My days vary. Some­times I do mas­ter­classes at the academy, or I might have pri­vate les­sons, or I could be re­hears­ing. I en­joy ev­ery bit of it. We are treated like pro­fes­sion­als, and you have to be very well pre­pared. You must know your mu­sic on your first day of re­hearsals. If you make mis­takes, a nice con­duc­tor might give you a sec­ond chance, but if it doesn’t work out, they will re­place you. That is the pro­fes­sional world of opera.

There are so many days when you could hear very bad news — for ex­am­ple, the death of a friend or a fam­ily mem­ber — and you still have to go out on stage and per­form. You are a pro­fes­sional. It’s a tough job, and in or­der to do it, I have to be completely in love with it.

I ar­rive at the opera house two hours be­fore a pro­duc­tion starts. When I am get­ting my hair and make-up done, I re­lax. Then I do some phys­i­cal warmups, so that I don’t strain my­self on stage. Even if I am re­peat­ing the opera for the tenth time, I’m al­ways ner­vous, be­cause the voice is al­ways dif­fer­ent. There is a great en­ergy in the house. Some­times peo­ple don’t want to clap, be­cause they don’t want to ruin the mo­ment. You feel all those lit­tle de­tails, as if you are ex­chang­ing en­ergy with the au­di­ence. At the end, when you take your bow, it’s an over­whelm­ing ex­pe­ri­ence. But it’s the same feel­ing that makes you want to do it all over again.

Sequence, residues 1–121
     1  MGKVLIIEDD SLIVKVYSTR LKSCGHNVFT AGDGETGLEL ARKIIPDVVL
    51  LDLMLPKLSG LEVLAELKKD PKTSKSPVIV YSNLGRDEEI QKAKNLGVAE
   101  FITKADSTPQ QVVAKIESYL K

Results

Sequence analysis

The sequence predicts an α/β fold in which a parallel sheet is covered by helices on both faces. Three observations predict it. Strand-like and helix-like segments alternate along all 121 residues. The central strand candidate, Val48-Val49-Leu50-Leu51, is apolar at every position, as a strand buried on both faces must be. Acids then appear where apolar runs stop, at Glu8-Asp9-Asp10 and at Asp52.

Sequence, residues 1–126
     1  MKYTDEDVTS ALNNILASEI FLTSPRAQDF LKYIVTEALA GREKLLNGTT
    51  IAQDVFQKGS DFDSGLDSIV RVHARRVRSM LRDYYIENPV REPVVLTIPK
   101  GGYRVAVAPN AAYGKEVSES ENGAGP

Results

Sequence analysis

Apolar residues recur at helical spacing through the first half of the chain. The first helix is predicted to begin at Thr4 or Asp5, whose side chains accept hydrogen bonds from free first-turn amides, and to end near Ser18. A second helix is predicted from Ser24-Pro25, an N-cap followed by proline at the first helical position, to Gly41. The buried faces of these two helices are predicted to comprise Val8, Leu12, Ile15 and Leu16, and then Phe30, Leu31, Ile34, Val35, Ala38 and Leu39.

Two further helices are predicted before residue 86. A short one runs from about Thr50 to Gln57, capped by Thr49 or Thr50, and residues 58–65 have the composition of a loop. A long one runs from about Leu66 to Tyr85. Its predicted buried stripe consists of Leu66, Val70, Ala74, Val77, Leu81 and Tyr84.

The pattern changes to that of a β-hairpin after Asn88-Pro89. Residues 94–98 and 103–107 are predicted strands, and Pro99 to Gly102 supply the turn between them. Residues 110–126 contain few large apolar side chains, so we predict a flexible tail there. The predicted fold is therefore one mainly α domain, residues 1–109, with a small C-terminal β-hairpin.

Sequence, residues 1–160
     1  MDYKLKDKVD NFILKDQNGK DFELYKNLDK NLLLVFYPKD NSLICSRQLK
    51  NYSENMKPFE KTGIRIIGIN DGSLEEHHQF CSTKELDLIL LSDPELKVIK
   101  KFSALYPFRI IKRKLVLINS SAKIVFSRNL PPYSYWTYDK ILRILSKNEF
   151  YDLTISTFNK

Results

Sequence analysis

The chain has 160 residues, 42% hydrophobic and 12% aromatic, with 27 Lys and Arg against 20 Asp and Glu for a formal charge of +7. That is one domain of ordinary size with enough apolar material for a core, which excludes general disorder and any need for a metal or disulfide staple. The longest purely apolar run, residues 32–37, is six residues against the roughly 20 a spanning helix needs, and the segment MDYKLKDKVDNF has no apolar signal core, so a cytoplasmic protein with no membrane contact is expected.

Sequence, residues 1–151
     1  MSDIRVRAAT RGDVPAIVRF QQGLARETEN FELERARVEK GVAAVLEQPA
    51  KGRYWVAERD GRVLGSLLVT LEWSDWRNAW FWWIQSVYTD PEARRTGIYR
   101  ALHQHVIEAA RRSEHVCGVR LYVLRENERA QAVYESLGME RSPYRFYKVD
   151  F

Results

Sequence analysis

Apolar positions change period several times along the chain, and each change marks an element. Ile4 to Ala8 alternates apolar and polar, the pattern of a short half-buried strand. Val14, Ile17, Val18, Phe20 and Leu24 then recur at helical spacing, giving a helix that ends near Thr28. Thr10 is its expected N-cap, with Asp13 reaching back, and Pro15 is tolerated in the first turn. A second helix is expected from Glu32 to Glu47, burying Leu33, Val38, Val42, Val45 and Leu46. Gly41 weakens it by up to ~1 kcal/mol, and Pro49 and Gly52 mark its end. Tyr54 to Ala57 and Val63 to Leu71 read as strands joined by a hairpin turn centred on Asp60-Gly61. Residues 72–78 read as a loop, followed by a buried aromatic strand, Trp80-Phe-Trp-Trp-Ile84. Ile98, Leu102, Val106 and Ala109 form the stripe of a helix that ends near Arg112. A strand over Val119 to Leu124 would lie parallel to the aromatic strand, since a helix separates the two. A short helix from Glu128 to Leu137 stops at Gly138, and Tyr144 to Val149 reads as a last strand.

I never thought I’d be singing a lead role in La Scala. Who knows what the fu­ture will bring? All I know is that I need to be ready for it.

I didn’t speak Ital­ian. It was a dis­as­ter. Ital­ians are very ex­pres­sive. They speak with their hands and have loud voices

As part of the Sun­day Mati­nee Series at the Na­tional Con­cert Hall, D2, Fatma Said, so­prano, and James Vaughan, pi­ano, per­form next Sun­day, Oc­to­ber 23 at 3pm. Tick­ets, €20. Tel: (01) 417-0000, or see nch.ie